Several texts from the Ancient Near East refer to gods drinking wine. In his post, Duane cites an Ugaritic text that makes reference to gods drinking wine. In the story of Bel and the Dragon, the Babylonians believed Bel was a living god because every day he drank about fifty gallons of wine (Bel 1:6).
There are, however, a few cases in the Old Testament where the text may give the impression that God drinks wine.
Jeremiah 25:15 reads: “For thus the LORD, the God of Israel, said to me: Take from my hand this cup of the wine of wrath, and make all the nations to whom I send you drink it.”
Psalm 75:8 reads: “For in the hand of the LORD there is a cup with foaming wine, well mixed; he will pour a draught from it, and all the wicked of the earth shall drain it down to the dregs.”
The references in Jeremiah and Psalm refer to the cup of God’s wrath which he puts on the lips of the wicked and holds it there until they drink it to the dregs. Other references to the cup of God’s wrath appear in Isaiah 51:17 and Ezekiel 23:32-24.
Psalm 78:65 says: “Then the Lord awoke as from sleep, like a warrior shouting because of wine.”
This text does not say that God was drunk but that when defending Israel, he will behave like a warrior aroused for battle, shouting like a drunken soldier.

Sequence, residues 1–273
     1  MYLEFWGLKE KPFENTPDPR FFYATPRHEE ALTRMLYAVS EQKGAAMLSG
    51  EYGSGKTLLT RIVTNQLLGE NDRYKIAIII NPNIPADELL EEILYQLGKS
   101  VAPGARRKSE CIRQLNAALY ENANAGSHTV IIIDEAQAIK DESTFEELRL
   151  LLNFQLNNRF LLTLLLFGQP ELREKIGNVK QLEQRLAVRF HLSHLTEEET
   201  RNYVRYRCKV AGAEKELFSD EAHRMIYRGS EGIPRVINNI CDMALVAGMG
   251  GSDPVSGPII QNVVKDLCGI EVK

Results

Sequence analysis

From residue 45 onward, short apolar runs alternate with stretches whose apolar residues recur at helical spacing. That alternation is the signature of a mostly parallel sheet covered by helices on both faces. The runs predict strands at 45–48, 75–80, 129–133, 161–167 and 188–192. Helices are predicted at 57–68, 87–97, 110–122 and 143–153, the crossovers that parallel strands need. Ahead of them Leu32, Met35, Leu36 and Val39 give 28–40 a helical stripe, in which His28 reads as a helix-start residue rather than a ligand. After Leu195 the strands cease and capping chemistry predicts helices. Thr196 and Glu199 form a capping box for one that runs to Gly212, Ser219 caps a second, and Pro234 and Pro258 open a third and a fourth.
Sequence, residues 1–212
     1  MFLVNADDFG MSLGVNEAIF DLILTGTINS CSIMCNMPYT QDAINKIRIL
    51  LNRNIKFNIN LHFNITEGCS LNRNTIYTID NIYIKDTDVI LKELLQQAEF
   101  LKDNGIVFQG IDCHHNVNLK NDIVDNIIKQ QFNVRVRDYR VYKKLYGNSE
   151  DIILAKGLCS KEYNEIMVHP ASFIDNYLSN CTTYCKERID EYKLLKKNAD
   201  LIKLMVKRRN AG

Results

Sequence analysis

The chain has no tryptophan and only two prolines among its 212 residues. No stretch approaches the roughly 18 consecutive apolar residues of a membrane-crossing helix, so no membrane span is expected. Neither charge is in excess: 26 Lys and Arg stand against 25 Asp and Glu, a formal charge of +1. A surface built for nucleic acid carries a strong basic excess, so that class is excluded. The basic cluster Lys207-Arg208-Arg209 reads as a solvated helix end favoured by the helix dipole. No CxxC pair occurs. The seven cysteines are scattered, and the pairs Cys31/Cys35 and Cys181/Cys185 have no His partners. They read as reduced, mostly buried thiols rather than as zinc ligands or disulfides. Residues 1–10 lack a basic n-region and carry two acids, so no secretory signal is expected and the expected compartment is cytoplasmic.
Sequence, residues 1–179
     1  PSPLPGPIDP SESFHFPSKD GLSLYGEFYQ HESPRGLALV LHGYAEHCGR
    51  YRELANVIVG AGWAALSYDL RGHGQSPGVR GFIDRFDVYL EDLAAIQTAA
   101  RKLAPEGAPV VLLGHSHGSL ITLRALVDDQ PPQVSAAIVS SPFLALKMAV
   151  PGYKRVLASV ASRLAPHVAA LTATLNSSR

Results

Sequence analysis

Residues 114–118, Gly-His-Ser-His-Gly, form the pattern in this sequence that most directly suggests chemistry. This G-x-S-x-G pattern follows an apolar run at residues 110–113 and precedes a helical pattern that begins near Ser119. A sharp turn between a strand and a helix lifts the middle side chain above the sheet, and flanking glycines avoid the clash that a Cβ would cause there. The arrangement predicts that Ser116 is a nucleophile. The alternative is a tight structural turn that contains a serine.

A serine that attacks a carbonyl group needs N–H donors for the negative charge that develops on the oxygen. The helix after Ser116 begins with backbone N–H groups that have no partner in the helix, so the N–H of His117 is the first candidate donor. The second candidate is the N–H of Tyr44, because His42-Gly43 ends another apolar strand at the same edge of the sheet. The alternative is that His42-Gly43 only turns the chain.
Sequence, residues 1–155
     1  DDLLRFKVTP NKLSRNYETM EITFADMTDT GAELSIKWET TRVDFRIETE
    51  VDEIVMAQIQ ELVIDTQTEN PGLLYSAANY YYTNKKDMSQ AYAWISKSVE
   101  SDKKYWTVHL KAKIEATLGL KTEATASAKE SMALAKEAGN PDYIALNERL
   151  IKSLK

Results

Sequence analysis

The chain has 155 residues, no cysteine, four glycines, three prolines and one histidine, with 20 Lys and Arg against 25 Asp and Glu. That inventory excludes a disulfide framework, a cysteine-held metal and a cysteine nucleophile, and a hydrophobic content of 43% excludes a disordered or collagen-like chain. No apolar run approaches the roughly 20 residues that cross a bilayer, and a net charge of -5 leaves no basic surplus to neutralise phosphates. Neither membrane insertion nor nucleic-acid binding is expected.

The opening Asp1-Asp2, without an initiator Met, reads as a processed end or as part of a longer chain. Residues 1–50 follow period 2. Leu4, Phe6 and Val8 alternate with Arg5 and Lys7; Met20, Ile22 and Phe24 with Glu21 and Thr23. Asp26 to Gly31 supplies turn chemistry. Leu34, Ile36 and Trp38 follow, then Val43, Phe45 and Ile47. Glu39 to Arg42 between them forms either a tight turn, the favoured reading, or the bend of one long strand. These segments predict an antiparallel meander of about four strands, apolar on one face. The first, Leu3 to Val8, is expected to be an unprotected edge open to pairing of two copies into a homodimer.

In the New Testament, wine is associated with the Lord’s Supper. During the supper, Jesus and his disciples drank together:
“Then he took a cup, and after giving thanks he gave it to them, saying, ‘Drink from it, all of you’” (Matthew 26:27).
“Then he took a cup, and after giving thanks he gave it to them, and all of them drank from it” (Mark 14:23).
“Then he took a cup, and after giving thanks he said, ‘Take this and divide it among yourselves’” (Luke 22:17).
It is important to observe, however, that the gospel writers never used the word “wine” to explain what took place during the meal. Instead, they use the word “cup.” The word “wine” is never used in the context of the celebration of the Lord’s Supper.
After Jesus gave the cup to his disciples, he said: